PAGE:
Document Type

Journal Article

Publication Date



Journal of Biological Chemistry


Volume 287, Issue 47

Inclusive Pages



Fibroblasts--metabolism; Gene Expression Regulation--physiology; Lipoproteins--biosynthesis; Signal Transduction--physiology; Thromboplastin--biosynthesis; p21-Activated Kinases--metabolism


Tissue factor (TF) is a cell-surface glycoprotein responsible for initiating the coagulation cascade. Besides its role in homeostasis, studies have shown the implication of TF in embryonic development, cancer related events, and inflammation via coagulation-dependent and -independent (signaling) mechanisms. Tissue factor pathway inhibitor (TFPI) plays an important role in regulating TF-initiated blood coagulation. Therefore, transcriptional regulation of TF expression and its physiologic inhibitor TFPI, would allow us to understand the critical step that control many different processes. From a gene profiling study aimed to identify differentially regulated genes between wild type (WT) and p21-activated kinase 1-null (PAK1-KO) mouse embryonic fibroblasts (MEFs), we found TF and TFPI are differentially expressed in the PAK1-KO MEFs in comparison to wild-type MEFs. Based on these findings, we further investigated in the present study the transcriptional regulation of TF and TFPI by PAK1, a serine/threonine kinase. We found that PAK1/c-Jun complex stimulates the transcription of TF and consequently, its procoagulant activity. Moreover, PAK1 negatively regulates the expression of TFPI and thus, additionally, contributes to increased TF activity. For the first time, this study implicates PAK1 in coagulation processes, through its dual transcriptional regulation of TF and its inhibitor.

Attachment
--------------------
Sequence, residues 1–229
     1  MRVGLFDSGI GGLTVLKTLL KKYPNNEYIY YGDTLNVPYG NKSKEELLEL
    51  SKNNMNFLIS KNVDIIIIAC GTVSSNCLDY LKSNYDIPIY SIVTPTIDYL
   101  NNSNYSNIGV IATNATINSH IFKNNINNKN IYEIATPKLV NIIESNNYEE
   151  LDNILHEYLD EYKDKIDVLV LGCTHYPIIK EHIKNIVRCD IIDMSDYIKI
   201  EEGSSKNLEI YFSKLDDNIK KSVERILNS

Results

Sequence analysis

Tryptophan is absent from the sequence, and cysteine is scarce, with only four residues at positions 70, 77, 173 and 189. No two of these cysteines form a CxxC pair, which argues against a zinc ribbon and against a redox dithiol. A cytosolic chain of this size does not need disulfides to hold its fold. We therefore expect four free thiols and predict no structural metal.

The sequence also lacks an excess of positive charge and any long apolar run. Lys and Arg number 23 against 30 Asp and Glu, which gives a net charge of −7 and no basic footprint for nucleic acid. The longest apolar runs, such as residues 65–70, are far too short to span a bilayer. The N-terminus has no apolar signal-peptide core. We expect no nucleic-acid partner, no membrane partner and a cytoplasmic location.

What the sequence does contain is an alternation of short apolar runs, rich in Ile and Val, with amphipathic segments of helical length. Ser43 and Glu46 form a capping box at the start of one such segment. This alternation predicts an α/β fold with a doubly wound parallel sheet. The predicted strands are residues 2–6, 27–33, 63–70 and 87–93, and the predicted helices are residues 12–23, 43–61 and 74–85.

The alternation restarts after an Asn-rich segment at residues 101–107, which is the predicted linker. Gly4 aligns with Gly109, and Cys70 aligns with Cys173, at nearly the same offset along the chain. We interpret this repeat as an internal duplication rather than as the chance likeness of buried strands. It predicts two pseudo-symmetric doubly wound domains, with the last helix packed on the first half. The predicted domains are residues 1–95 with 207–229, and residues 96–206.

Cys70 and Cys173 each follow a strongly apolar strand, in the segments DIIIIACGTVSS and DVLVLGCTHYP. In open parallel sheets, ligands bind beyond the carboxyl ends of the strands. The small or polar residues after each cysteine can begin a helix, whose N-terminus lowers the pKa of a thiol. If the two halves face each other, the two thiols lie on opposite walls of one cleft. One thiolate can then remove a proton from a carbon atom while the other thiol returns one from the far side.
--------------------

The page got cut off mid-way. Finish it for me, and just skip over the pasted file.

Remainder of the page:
This research was originally published in Journal of Biological Chemistry. Beatriz Sanchez-Solana, Mona Motwani, Da-Qiang Li, Jeyanthy Eswaran, and Rakesh Kumar. p21-activated kinase-1 signaling regulates transcription of tissue factor and tissue factor pathway inhibitor. Journal of Biological Chemistry. 2012; 287:39291-39302. © the American Society for Biochemistry and Molecular Biology.

Peer Reviewed


Open Access




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